Summary dashboard final iteration (anonymized)


Analytics dashboard for advertisers and marketers
9.1.20 - 10.15.20


As a Marketing/Media Strategist, I need to understand how my business (and my competition) is performing in order to form advertising and marketing strategies so that I can recommend the appropriate path for our partners.


  • Product Manager
  • UX Lead
  • Lead Architect
  • Data Science Lead
  • Tableau Developer
  • Marketing
  • Product Owner

My Process

case study highlights are bolded


  • Stakeholder Interviews
  • User Interviews
  • Contextual Inquiries
  • Empathy Map


  • Kano Model
  • Product Spec
  • User Need Statements


  • Heuristic Analysis
  • Wireframing
  • Usability Testing


At this martech company, the Client Analytics team was constantly producing customized reports for their advertising partners. The problem was, they found themselves creating the same reports repeatedly, for free! To stop the bleeding, they had created a dashboard product ("BIT v01") meant to capture the most requested data, but we had no users! Our team identified an opportunity to learn more about our partners and what exactly they needed from us.

For this role I was responsible for all UX tasks, from research to visual design.

Version 01 with confusing, concealing hover behavior


Working the Sales team, I set up contextual inquiries with three of our primary advertising partners. I invited all primary team members to attend so our research would be more robust. As soon as the interviews were over, we transferred our notes to stickies and formed an empathy map. With the same data points, the team was able to construct a journey map of these end users using the current dashboard. This exercise was important because we were a gaining a shared understanding of the end users’ highs (and lows) that hadn’t existed before.

What did we find? Well, we had created a lot of experience debt! Specifically, in these areas:

  • A clunky, laborious process (especially at the beginning of the experience)
  • Visualizations that people didn't understand
  • Usability issues that surfaced during the contextual interviews


After all the research had been clustered, mapped, and features had been listed, we employed the Kano Model to understand where we were going to meet basic expectations, the performance payoff (customer “like” moments), and excitement generators (customer “love” moments). This model would be a living document for the team to maintain, acting as constant reminder that:

  • Delight is crucial for ongoing success
  • What is a “like” moment today will become a basic expectation tomorrow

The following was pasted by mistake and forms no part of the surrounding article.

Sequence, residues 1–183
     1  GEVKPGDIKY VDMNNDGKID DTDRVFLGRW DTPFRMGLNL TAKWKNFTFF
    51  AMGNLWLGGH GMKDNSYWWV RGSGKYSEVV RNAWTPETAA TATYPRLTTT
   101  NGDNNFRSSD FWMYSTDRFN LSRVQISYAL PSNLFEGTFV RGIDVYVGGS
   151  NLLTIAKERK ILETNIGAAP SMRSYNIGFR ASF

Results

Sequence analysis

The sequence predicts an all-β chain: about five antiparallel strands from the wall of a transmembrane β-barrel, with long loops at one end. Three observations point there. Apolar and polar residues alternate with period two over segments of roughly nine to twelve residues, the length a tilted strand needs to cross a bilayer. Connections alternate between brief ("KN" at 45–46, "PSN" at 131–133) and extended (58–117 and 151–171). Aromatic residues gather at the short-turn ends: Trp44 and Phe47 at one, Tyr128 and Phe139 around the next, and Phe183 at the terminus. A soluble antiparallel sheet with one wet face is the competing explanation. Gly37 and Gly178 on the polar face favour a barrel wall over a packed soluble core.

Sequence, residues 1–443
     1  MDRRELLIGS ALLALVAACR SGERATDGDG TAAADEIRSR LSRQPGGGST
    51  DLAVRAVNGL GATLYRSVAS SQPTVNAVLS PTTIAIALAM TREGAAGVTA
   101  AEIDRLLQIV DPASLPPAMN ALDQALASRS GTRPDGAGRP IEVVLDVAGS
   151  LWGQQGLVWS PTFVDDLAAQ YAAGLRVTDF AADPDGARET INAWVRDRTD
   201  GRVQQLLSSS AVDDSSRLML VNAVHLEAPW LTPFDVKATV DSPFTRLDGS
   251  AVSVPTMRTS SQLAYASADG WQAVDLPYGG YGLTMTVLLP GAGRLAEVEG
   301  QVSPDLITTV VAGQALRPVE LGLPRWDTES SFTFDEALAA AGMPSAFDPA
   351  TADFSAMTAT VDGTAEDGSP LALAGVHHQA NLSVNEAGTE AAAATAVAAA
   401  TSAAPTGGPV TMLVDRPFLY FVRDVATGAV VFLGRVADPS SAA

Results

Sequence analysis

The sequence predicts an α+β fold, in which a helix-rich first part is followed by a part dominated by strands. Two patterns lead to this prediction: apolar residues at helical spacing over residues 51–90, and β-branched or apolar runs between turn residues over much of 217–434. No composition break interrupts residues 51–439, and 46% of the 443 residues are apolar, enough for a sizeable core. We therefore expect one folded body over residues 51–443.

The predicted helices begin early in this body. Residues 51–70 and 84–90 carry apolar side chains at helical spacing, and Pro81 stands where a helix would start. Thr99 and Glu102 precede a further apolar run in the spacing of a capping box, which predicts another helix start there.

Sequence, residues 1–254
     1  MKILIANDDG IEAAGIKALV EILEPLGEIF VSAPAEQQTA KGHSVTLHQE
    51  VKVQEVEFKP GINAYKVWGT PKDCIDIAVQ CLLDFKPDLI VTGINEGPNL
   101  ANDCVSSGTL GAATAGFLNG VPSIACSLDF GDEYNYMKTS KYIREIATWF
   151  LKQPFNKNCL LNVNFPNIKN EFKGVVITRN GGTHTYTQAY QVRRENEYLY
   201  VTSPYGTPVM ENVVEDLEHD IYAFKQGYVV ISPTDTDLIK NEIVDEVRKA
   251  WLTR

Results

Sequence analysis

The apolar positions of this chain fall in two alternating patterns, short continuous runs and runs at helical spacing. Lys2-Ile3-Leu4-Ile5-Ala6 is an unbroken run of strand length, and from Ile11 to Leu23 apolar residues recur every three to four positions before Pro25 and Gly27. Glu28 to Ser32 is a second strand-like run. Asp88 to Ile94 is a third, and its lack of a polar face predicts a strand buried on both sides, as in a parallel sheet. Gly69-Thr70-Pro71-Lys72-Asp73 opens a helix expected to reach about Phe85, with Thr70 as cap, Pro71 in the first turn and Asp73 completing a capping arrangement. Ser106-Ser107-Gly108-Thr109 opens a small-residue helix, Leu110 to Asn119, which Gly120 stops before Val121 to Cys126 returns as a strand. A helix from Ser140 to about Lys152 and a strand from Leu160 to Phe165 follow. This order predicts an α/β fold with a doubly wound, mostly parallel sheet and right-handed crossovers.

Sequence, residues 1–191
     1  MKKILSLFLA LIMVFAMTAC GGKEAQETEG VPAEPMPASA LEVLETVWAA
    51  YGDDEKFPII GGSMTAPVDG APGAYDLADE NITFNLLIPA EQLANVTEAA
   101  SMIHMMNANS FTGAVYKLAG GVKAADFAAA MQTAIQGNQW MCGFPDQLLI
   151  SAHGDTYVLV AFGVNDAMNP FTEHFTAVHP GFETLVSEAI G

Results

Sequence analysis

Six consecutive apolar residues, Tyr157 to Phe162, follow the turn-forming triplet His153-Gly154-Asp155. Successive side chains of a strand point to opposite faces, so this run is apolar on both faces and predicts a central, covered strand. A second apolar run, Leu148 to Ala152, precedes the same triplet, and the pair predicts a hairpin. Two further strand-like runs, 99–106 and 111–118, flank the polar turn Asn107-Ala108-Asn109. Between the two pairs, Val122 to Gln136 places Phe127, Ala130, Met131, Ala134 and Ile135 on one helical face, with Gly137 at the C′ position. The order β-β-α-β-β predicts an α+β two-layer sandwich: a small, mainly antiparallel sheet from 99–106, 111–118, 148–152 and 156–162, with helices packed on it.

Ideally I would have had more time to have my partners use alternative products and observe the results. In lieu of that, I conducted a 10 point heuristic analysis on five of the closest competitors (with our dashboard as a baseline). As a result, I was able to align the team on my findings and high level design recommendations.

  • Keep dashboard element controls confined
  • Take a "question and answer" approach over just showing the numbers
  • Incorporate animations where it makes sense

Here is an example template of the analysis, filled out for business dashboard maker Domo.

template for heuristic evaluation

As we entered the design phase, I found myself the facilitator for most of the ideation sessions. It was critical to involve as many disciplines as possible in these sessions, especially members of the development teams. At the time, there was no design system in place, so close communication with these colleagues was necessary to insure we were headed down a technically feasible path.

I used improv comedy games as warm-ups and laid down the goals, rules, and next steps to help my colleagues unlock their creativity. Being remote, it was difficult to get equal participation and keep the creative fire burning. To remedy this, I made sandbox templates in Freehand (or Mural) so there was little for participants to do other than start creating!

After collecting the concepts and dot voting on them with the team, my next objective was to create lo-mid fi clickable prototypes and test them with all the partners we originally interviewed. The team evaluated the concepts by simplicity, efficacy, and usability.

The team aligned on functionality and then I quickly built them in Figma.

Our clients really liked the “Segment Shift” concept: stacked bars that would show migration patterns while hovering.

One of my favorite parts of this story was the working directly with the clients/end users and building the product with them. It was a level of collaboration I had not experienced before. Through that collaboration it was clear that we were taking the product to another level!

Unfortunately, as the final stage was approaching, I was part of a layoff due to the pandemic! That being said, I'm showing this work because we were able to take an existing product with no users and turn it into a useful tool that actually provided delight! I was proud of the work my team was able to deliver and I hope the momentum we started is able to continue.

This was the next iteration that I was going to test with our partners (not the final design).

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